Abstaining from the vote will likely be seen by the representatives of the Palestinian territories as a vote against their motion, since the Australian Government does not feel a compulsion to vote for what is ostensibly a sensible concept.
This week’s vote is not about statehood and probably will not provide much of a catalyst toward the Palestinian territories becoming a recognised state.
So why such a fuss?
The Prime Minister has arrived in New York for a week of lobbying the nations of the world in order to secure one of two non-permanent seats on the Security Council, the key decision-making body for matters of security, though to describe it as a ‘decision-making’ authority is a bit of a stretch with decisions easily stifled.
The bid, first announced by Prime Minister Kevin Rudd four years ago pits us against Finland and Luxembourg, two European powers, with the powerful and large continent of Europe well and truly behind them. It is believed that Australia has secured the support of the majority of Asian, Caribbean and Pacific member countries and will seek to focus on lobbying African nations for remaining votes. The contest, a protracted process that the two European nations were in years before us, has reportedly cost $40 million over the last four years.
So why go ahead with seeking a spot on the Security Council? And is it really worth it, given the roadblocks that decision-making processes within the body face due to the veto powers of the 5 permanent members, who also possess veto powers?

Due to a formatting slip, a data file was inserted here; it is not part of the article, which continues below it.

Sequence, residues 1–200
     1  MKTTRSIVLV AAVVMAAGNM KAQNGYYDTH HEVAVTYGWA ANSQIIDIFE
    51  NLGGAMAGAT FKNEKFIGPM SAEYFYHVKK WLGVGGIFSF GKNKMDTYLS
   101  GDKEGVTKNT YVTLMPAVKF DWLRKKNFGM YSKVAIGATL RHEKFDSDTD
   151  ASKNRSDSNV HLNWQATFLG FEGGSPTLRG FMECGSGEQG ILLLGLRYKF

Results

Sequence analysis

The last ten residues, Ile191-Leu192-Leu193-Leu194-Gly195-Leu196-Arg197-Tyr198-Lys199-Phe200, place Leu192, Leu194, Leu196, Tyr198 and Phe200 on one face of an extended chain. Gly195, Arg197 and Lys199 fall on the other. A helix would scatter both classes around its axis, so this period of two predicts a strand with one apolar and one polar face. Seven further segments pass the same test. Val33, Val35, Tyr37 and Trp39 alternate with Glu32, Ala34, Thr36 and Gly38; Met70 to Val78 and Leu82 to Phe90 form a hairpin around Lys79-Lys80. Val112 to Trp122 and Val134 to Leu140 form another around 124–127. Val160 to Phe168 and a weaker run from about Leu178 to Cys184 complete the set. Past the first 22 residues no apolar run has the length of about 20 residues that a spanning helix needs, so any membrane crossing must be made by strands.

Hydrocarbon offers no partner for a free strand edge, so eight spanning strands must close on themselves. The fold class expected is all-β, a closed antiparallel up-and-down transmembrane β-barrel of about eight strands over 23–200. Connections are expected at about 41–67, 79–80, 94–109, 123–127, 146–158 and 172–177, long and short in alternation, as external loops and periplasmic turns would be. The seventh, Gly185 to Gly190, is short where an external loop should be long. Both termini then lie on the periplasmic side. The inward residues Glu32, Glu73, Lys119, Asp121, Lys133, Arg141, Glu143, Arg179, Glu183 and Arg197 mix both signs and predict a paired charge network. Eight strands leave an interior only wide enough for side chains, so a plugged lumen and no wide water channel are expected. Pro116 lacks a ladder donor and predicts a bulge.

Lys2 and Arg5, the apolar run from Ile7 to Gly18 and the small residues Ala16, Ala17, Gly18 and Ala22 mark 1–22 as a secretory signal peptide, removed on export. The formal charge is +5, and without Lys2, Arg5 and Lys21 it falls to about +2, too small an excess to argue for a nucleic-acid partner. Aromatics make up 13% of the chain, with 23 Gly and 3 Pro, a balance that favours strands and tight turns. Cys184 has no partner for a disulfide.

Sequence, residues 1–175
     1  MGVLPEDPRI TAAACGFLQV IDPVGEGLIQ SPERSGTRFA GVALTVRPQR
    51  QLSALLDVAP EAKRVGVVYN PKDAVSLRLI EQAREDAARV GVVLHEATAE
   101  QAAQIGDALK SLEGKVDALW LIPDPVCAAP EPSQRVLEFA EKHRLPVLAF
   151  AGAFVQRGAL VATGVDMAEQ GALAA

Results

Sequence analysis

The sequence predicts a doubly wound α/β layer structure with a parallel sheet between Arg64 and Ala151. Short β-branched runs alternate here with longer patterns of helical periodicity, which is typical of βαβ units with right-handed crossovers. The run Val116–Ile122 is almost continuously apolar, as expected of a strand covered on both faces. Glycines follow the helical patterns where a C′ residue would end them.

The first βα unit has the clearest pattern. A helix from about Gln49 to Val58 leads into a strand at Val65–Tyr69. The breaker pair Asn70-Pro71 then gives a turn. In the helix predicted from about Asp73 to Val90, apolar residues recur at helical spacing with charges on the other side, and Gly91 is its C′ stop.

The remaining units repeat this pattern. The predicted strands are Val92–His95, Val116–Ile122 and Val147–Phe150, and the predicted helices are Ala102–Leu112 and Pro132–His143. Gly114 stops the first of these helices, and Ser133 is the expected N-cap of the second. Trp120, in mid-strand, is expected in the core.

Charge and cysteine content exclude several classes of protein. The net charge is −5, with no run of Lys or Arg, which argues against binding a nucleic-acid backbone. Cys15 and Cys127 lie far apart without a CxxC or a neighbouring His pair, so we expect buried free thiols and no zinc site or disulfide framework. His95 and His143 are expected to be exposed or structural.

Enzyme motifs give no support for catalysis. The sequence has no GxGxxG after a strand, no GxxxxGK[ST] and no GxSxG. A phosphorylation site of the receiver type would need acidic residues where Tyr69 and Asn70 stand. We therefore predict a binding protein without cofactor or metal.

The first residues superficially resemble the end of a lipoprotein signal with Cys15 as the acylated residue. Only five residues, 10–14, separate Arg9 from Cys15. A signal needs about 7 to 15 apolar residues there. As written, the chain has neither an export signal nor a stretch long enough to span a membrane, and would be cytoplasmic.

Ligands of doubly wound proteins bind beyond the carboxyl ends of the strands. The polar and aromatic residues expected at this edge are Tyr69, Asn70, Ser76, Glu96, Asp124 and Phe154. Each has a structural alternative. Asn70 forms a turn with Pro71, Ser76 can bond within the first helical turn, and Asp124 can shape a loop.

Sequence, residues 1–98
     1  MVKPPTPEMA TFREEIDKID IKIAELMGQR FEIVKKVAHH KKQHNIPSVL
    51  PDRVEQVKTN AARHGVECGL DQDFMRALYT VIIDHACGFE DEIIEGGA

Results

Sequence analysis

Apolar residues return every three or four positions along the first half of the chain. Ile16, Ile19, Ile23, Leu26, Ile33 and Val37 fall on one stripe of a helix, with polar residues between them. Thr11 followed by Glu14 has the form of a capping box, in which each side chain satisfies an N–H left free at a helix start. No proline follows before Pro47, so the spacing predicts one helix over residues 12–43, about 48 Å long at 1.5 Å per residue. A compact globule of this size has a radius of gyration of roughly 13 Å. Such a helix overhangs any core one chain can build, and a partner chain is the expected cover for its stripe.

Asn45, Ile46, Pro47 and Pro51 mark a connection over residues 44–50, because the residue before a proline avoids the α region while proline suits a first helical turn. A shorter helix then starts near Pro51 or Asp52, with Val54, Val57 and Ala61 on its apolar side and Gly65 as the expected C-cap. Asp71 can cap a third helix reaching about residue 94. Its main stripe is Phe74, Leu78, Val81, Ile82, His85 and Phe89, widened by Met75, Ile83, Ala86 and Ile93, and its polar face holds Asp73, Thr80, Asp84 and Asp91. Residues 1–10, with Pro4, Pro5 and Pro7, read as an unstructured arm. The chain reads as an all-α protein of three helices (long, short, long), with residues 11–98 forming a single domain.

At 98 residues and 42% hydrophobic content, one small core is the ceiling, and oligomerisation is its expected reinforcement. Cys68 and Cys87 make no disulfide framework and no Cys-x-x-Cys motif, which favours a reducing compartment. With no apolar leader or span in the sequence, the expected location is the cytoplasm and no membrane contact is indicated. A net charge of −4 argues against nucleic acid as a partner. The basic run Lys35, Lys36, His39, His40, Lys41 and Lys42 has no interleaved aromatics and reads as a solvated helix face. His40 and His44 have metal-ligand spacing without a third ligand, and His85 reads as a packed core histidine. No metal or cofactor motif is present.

Australia has certainly has a “proud track record of work within the United Nations” as the Prime Minister has said today, with involvement at its peak during the establishment of the UN, the replacement body for the League of Nations that came into being as a result of World War Two. Our involvement was heavy and meant punched well above our weight as a relatively new nation in the late 1940s and early 1950s.
However, in the Security Council world nations have failed, allowing decisions to be blocked so easily by China, Russia, France, the United States of America and the United Kingdom and that’s before you take into account the scale of a vote needed to pass a resolution without a permanent power using their veto.
Our bid, it is true, means greater engagement with the world, but is a bid for a highly flawed institution necessary to achieve greater engagement with the world when major decisions regarding peace and security can be so easily stopped in their tracks by a small number of countries within the Security Council? The answer is a resounding no. $40 million seems a pretty high price to pay for little material difference to the peaceful interactions of nations and between countries and their people.